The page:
­ Of a component that represents the value of the CO2 concentration in a certain level of the atmosphere (the troposphere) or background component free from any anthropogenic source. It is noted ${\left(C{O}_{2}\right)}_{bg}.$

­ Of another component that represents the value of fossil fuel CO2 concentration. This value is derived from the burning of fossil fuels. This is the fossil fuel CO2 component. It is noted ${\left(C{O}_{2}\right)}_{ff}.$

­ Of other large components that represent the value of the CO2 concentration in the biosphere or exchanges between systems. It is noted ${\left(C{O}_{2}\right)}_{bio}.$

­ And an obscure (obs) component that represents the value of unknown and uncontrolled sources of CO2 concentration ${\left(C{O}_{2}\right)}_{obs}.$

These assumptions can be translated from the following equations:

${\left(C{O}_{2}\right)}_{Sample}={\left(C{O}_{2}\right)}_{bg}+{\left(C{O}_{2}\right)}_{ff}+{\left(C{O}_{2}\right)}_{bio}+{\left(C{O}_{2}\right)}_{obs}$ (3.1)

And

$\begin{array}{c}{\left(C{O}_{2}\right)}_{Sample}×\Delta {}^{14}C{}_{Sample}={\left(C{O}_{2}\right)}_{bg}×\Delta {}^{14}C{}_{bg}+{\left(C{O}_{2}\right)}_{ff}×\Delta {}^{14}C{}_{ff}\\ \text{\hspace{0.17em}}\text{\hspace{0.17em}}+{\left(C{O}_{2}\right)}_{bio}×\Delta {}^{14}C{}_{bio}+{\left(C{O}_{2}\right)}_{obs}×\Delta {}^{14}C{}_{obs}\end{array}$ (3.2)

${\left(C{O}_{2}\right)}_{Sample}$ , ${\left(C{O}_{2}\right)}_{bg}$ , ${\left(C{O}_{2}\right)}_{ff}$ , ${\left(C{O}_{2}\right)}_{bio}$ and ${\left(C{O}_{2}\right)}_{obs}$ are respectively the global CO2 concentration obtained from the sample, the background CO2 concentration, fossil fuels CO2 concentration, biogenic CO2 concentration and unknown or/and uncontrolled (obscure) sources of CO2 concentration.

$\Delta {}^{14}C{}_{Sample}$ , $\Delta {}^{14}C{}_{bg}$ , $\Delta {}^{14}C{}_{ff}$ , $\Delta {}^{14}C{}_{bio}$ and $\Delta {}^{14}C{}_{obs}$ are respectively 14C level of the sample, the background 14C level, fossil fuels 14C level, sources of biogenic 14C level and unknown or/and uncontrolled (obscure) sources 14C level.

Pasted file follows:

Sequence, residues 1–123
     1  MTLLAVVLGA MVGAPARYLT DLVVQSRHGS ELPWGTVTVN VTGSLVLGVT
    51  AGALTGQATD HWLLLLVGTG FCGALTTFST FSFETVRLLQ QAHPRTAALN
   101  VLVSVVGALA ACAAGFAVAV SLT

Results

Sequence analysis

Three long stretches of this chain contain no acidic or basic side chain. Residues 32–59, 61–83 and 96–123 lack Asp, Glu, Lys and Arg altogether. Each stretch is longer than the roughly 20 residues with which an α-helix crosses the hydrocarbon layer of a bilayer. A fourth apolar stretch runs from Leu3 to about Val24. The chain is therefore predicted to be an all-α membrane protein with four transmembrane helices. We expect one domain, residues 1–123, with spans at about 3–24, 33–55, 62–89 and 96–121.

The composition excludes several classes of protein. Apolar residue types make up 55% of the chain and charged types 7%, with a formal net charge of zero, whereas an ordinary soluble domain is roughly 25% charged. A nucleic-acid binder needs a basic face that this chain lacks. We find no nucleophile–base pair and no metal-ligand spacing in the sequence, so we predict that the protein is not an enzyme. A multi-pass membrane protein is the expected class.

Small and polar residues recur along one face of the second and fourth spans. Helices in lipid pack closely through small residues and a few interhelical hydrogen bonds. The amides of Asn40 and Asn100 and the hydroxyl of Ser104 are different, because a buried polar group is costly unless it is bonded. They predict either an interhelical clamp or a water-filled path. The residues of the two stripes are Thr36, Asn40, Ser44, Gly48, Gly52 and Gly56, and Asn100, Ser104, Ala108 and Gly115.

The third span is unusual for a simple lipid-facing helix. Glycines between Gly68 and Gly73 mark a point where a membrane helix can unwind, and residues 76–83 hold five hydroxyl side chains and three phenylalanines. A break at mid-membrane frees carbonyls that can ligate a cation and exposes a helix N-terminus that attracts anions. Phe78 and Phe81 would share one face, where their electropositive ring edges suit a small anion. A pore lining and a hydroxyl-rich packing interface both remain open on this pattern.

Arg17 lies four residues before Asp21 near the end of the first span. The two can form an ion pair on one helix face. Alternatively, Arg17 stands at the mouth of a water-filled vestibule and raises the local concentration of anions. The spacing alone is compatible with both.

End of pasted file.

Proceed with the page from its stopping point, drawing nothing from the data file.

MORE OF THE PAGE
Finally, we will use these relations for the model of the equation that will allow us to find the local Suess effect caused by fossil fuels, as several authors such as [4] [14] [15] [16].

By (3.1) and (3.2) equations we can obtain the fossil-fuel CO2 component ${\left(C{O}_{2}\right)}_{ff}$ that we can, without any approximation write in this way:

$\begin{array}{c}{\left(C{O}_{2}\right)}_{ff}={\left(C{O}_{2}\right)}_{bio}\frac{\Delta {}^{14}C{}_{bio}-\Delta {}^{14}C{}_{Sample}}{\Delta {}^{14}C{}_{Sample}-\Delta {}^{14}C{}_{ff}}\\ \text{\hspace{0.17em}}\text{\hspace{0.17em}}+{\left(C{O}_{2}\right)}_{bg}\frac{\Delta {}^{14}C{}_{bg}-\Delta {}^{14}C{}_{Sample}}{\Delta {}^{14}C{}_{Sample}-\Delta {}^{14}C{}_{ff}}\\ \text{\hspace{0.17em}}\text{\hspace{0.17em}}+{\left(C{O}_{2}\right)}_{obs}\frac{\Delta {}^{14}C{}_{obs}-\Delta {}^{14}C{}_{Sample}}{\Delta {}^{14}C{}_{Sample}-\Delta {}^{14}C{}_{ff}}\end{array}$ (3.3)

To establish the mass balance equation, we will consider these approximations used by several authors like [4] [14] [16] [17] [18] [19] [20] and available in literature. These approximations make perfect sense.

1) Fossil carbon dioxide ${\left(C{O}_{2}\right)}_{ff}$ is free of significant amounts of radiocarbon, as fossil materials are several billion years old, a period of time long enough for the total amount of radiocarbon contained in these fossil organic materials to be removed.

Taking into account the relationship $\Delta {}^{14}C=1000\left(\frac{{\left({}^{14}C/C\right)}_{Sample}}{{\left({}^{14}C/C\right)}_{Std}}-1\right).$

We can assume that $\Delta {}^{14}C{}_{ff}=-1000‰$ (3.a)

2) Other sources of carbon dioxide have their $\Delta {}^{14}C$ supposed equal to that of the background atmosphere. C-14 biogenic concentration $\Delta {}^{14}C{}_{bio}$ and C-14 obscure source concentration $\Delta {}^{14}C{}_{obs}$ are equal to the C-14 concentration in the background $\Delta {}^{14}C{}_{bg}$ . (3.b)

Taking into account, these two approximations we can have:

${\left(C{O}_{2}\right)}_{ff}={\left(C{O}_{2}\right)}_{bg}\frac{\Delta {}^{14}C{}_{bg}-\Delta {}^{14}C{}_{Sample}}{\Delta {}^{14}C{}_{bg}+1000}$ (3.4)

We will use this formula, in the following to determine the Suess effect of each sample used.

This formula is a universal one; no matter how many different components make up the overall carbon dioxide concentration measured in a sample ${\left(C{O}_{2}\right)}_{sample}$ , as long as we assume that the 14C concentration of the various components is taken to be equal to the background 14C concentration.

If the nature of the samples used to quantify the fossil-fuel CO2 concentration are not plants, this proposed methodology can be modified (oceanic samples for example).